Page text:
Unknown review

Banana Rating: 2 out of 5

Liam Neeson now clocks in at the grand old age of 58, and has seen a some­what sud­den shift late in his career to that of an action hero.

This is largely thanks to Taken. It’s a movie I love, and prob­ably one of the most touch­ing, achingly sad films I’ve ever seen. Neeson’s char­ac­ter can only con­cep­tu­al­ise his love for his daugh­ter through the medium of extreme viol­ence. It's heart rending.

Espe­cially for that guy who gets a broken bottle rammed through his chest.

Neeson’s dabbled in action before of course, most not­ably in Sam Raimi’s enjoy­able Dark­man, where he played an impossibly angry, super powered burns vic­tim, hell­bent on revenge. He’s also danced around the edges of the action genre in other comic book fare like Bat­man Begins, but it was as Taken’s unstop­pable face puncher that he was pro­pelled into the action hero big leagues.

Unknown seems to have been trailered as some sort of spir­itual sequel to Taken. It appears to tick the same boxes. It has a gen­eric one word title. In the posters, Neeson glares moodily, like he means busi­ness. And look! He has a gun! How many surly Europeans will he shoot with it this time?

How­ever, the pre-release hype is some­what mis­lead­ing. Unknown prob­ably has more in com­mon with the Har­rison Ford film, Frantic. In that film, Ford’s wife goes miss­ing in Paris and, feel­ing lost in a for­eign coun­try, he enlists the help of a younger, slightly edgy chick to help find her.

Amnesia is... wait, I forget

In Unknown, Neeson’s character’s wife is also lost to him. She hasn’t gone miss­ing though. She simply doesn’t know who he is any­more. He rolls up in Ber­lin with the mis­sus, but after the taxi he’s rid­ing plunges into a river, and he emerges from a coma, he finds another man has taken his place, whilst wifey stares at him like he’s a stranger.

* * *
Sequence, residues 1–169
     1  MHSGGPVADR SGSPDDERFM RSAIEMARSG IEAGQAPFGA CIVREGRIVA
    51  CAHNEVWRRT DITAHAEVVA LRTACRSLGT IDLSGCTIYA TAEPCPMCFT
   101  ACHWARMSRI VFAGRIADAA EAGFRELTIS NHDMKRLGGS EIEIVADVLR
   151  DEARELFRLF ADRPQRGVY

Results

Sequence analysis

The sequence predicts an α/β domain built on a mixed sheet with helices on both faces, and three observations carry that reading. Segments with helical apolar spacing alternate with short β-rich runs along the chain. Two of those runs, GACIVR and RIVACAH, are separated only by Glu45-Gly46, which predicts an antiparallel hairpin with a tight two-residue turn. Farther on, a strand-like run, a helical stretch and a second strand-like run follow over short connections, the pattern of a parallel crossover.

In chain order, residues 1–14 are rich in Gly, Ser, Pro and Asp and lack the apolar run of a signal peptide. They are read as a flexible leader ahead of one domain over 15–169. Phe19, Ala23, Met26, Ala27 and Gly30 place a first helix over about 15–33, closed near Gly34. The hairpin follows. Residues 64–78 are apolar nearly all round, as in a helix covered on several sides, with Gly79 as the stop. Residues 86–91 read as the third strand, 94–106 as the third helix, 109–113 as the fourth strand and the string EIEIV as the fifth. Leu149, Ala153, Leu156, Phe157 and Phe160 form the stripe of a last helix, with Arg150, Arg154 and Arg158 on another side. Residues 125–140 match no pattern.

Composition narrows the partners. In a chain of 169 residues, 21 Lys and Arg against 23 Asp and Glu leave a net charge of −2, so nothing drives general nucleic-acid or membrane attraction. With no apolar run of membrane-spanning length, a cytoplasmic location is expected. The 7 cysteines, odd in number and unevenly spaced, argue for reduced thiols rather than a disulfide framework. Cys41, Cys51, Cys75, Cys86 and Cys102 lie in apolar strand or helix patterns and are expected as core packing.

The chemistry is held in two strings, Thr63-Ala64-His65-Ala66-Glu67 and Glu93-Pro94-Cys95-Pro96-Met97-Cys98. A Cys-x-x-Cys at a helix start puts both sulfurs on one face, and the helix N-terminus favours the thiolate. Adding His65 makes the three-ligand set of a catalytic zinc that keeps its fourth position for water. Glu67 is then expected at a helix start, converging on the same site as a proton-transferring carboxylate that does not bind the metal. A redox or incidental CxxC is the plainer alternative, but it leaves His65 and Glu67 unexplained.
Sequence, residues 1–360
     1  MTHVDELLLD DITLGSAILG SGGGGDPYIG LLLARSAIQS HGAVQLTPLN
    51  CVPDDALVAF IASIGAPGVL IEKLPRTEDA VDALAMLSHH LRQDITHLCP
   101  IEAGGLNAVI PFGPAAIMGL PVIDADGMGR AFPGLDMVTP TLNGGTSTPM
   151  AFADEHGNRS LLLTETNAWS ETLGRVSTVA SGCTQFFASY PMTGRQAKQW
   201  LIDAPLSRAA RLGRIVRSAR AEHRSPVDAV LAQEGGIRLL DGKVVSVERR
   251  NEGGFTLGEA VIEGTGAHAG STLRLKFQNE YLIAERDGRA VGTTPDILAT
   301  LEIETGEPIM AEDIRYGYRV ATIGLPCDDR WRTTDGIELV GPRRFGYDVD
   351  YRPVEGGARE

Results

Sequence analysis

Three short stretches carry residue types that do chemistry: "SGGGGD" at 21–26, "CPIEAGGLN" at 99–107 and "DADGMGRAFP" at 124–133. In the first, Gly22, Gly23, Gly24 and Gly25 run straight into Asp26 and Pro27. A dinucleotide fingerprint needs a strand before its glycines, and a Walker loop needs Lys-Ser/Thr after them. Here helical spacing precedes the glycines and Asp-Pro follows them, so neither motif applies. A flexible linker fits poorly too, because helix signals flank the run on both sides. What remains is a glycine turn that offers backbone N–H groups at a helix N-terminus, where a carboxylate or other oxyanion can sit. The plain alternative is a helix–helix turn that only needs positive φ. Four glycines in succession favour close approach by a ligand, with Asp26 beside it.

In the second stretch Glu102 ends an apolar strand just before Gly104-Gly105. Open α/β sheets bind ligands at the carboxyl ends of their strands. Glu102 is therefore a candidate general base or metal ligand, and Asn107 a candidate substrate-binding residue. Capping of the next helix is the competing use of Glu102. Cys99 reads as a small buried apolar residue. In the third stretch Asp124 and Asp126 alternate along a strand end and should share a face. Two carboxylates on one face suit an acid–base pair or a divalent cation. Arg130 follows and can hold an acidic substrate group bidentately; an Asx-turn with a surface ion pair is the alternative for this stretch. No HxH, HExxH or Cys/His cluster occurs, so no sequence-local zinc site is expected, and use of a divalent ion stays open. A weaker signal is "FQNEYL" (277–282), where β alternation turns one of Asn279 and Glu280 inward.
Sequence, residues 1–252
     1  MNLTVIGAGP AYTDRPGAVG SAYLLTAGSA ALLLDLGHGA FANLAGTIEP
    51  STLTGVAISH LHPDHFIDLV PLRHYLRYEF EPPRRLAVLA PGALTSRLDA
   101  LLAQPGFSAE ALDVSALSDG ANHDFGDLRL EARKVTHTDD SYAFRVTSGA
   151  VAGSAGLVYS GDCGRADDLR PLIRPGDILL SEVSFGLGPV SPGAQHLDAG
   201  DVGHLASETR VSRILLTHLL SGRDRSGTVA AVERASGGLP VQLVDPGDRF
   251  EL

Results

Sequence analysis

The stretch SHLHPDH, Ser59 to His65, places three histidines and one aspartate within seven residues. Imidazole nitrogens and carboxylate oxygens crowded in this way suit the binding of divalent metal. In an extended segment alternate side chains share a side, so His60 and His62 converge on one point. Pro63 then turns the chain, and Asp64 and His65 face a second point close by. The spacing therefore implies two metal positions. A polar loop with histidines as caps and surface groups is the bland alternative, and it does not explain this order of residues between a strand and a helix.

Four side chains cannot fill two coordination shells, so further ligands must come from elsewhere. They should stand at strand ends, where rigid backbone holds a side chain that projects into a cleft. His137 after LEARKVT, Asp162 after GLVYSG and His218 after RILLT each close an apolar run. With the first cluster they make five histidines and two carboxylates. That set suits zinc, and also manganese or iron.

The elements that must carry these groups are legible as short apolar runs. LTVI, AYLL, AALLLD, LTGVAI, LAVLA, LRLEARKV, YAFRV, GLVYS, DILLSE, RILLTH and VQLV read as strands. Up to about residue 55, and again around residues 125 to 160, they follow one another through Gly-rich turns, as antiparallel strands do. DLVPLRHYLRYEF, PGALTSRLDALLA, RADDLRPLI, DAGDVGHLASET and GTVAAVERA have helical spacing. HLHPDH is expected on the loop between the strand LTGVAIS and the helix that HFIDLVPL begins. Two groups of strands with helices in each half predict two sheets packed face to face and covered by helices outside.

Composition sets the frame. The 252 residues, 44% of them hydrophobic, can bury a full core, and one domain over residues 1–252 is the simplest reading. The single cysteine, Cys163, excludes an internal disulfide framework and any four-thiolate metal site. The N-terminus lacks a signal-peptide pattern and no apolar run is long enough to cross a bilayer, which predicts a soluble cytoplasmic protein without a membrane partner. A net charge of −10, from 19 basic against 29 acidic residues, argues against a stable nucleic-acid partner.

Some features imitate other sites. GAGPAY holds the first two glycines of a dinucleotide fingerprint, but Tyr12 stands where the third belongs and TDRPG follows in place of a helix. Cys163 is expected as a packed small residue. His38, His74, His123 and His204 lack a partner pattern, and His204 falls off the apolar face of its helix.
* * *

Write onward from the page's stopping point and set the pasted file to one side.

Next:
Luck­ily, the taxi driver is a younger, slightly edgy chick (Diane Kruger), and he enlists her help to find out why his life appears to be a com­plete sham.

Stor­ies of amne­sia, and iden­tity theft are great for build­ing a claus­tro­phobic atmo­sphere, ripe with para­noia. But the film never really con­vinces in this respect. The major­ity of the film is Neeson get­ting a bit exas­per­ated, telling people that he’s Mar­tin Har­ris, over and over again. Whilst they just look at him like he’s bonkers.

There never seems to be a great deal at stake, or a huge amount of danger, save for a quick car chase.

The twist, when it arrives, is quite neat, if pretty easy to guess. But it seems to take a long time to get there. Interest has waned by the third act, and not even some more belated action can heat things up. On the whole, it didn’t grip me in quite the way a good thriller should.

So, spir­itual sequel to Taken? No, not really. But never mind. There’s a true sequel in the works, ima­gin­at­ively titled Taken 2. Pos­sibly Neeson’s char­ac­ter may have worked through his emo­tional prob­lems, and absconded to a mon­as­tery for the quiet life. Let’s hope not, eh?